Yes, They Are Qualified, But Are They Deliverable? Part II

In my last post I talked about the concept of a candidate being “deliverable.”  From the perspective of a hiring manger, a candidate being deliverable translates into the likelihood of each prospective candidate accepting the offer you extend. A candidate may have a low level of deliverability for one position but a very high level for another.

Some people reached out to me after the last post and made a point of saying that “money isn’t everything.”  I agreed with these people 100% and told them that my last post was misinterpreted.   The concept of the likelihood of someone accepting an offer should one be extended has to do with how a candidate interprets everything an organization has to offer in relation to what that candidate is looking for in a career move.

In order to predict deliverability, you have to be very aware of three things.  First, what does your organization have to offer?  Second, what does the specific position you are trying to fill have to offer and what are the types of people that would be attracted to the specifics of that position. This last bold statement is the most important because it tells you as a hiring manager who you are REALLY looking for.  And lastly, you need tools and techniques to be able to determine if the people you are interviewing will find your organization and the position you have available a good match.

Generally speaking, when making career decisions, candidates evaluate opportunities in 6 broad categories:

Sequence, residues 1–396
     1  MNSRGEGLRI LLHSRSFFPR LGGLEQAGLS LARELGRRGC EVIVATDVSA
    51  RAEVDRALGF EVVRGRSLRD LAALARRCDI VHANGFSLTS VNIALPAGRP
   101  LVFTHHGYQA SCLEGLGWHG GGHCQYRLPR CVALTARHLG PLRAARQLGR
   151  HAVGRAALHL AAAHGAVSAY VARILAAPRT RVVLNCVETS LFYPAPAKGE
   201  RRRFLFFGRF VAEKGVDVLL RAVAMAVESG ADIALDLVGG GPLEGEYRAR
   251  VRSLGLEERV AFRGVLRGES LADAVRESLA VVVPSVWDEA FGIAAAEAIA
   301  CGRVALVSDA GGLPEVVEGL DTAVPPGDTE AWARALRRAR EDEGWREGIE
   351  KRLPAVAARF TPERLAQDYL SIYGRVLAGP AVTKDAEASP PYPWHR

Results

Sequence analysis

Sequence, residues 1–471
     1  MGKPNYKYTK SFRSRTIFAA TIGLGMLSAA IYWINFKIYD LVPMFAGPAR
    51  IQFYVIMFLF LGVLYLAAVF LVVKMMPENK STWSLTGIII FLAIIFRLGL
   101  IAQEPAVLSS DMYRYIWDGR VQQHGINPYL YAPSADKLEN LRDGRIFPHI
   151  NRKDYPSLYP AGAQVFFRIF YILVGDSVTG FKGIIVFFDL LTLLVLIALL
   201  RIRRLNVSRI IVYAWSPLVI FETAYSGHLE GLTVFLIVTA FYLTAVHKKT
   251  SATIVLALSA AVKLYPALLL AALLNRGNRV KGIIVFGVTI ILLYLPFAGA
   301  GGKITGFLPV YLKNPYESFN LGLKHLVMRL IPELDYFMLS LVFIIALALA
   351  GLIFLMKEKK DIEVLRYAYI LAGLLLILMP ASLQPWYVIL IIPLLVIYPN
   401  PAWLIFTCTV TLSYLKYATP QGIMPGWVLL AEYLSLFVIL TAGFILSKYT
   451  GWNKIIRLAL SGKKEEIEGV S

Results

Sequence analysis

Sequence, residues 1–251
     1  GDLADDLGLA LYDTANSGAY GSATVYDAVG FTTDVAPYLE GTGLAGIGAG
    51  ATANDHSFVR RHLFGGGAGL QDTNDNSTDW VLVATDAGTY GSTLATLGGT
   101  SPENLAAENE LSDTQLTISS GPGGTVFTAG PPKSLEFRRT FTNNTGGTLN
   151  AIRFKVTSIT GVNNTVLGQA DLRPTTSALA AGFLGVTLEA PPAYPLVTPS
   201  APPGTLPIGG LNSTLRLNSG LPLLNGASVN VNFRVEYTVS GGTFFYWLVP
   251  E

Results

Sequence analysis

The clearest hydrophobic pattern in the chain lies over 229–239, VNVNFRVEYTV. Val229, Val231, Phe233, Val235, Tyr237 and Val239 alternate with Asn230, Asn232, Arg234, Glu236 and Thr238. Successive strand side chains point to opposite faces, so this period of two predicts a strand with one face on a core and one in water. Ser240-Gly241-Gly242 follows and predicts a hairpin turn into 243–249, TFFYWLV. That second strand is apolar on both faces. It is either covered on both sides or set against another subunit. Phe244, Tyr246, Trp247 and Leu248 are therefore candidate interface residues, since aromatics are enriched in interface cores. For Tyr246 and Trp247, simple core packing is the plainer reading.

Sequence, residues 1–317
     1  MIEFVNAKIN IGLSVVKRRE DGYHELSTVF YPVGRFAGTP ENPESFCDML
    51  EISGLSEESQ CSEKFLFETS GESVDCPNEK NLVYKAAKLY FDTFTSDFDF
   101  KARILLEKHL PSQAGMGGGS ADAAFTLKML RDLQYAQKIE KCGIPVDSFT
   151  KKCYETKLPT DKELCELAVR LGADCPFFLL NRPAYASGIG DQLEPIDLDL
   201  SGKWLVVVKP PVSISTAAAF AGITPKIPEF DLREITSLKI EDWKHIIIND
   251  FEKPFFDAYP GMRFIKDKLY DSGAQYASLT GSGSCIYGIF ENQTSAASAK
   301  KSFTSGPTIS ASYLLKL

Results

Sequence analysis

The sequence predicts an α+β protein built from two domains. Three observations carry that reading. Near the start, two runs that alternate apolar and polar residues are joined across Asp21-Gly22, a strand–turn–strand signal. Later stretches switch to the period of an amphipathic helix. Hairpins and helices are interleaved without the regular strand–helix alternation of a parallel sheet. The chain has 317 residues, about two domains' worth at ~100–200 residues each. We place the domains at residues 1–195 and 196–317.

Challenge – This is the degree to which the candidate will feel challenged in the position.  The question here becomes, how to find someone that is qualified to do the job without having them have to do the same job they have been doing for an extended period of time.

Location – The location of the position can range from whether or not someone is willing to relocate to how long a commute will be on a daily basis.

Advancement – This comes in two forms.  One is the ability to advance into positions higher up in an organization.  For others this can simply mean advancing in their overall knowledge and experience within the same position.

Money – This is different for everyone but covers salary, bonus potential, and the variety of benefits that can be offered.

People – This includes culture of the organization, but more specifically, who the candidate will be working with and who they will be working for.  Studies have shown that the main factor for candidates in accepting a position is directly proportionate to how they feel their relationship with be with the person they will be working for.

Security – This is directly tied to the stability of the organization as well as the position.  This is very important in today’s market place given the amount of layoffs that have taken place over the last two years.

In most cases there is not going to be much flexibility as it relates to the People/Culture of your organization and the location of your organization.  Most organization have “little” to “some” flexibility in terms of the compensation that can be offered.

Knowing  your organization and what the positions have to offer in each of these areas before you start the hiring process will give you a much better idea of the type of person you should be targeting with your efforts.

About the author


David Kushan

David Kushan is the President of Healthcare IS and has spent the last 18 years of his career working in the Healthcare Information Technology industry assisting over 120 healthcare organizations nationwide. Visit for Dave’s company blog, articles, podcasts and more.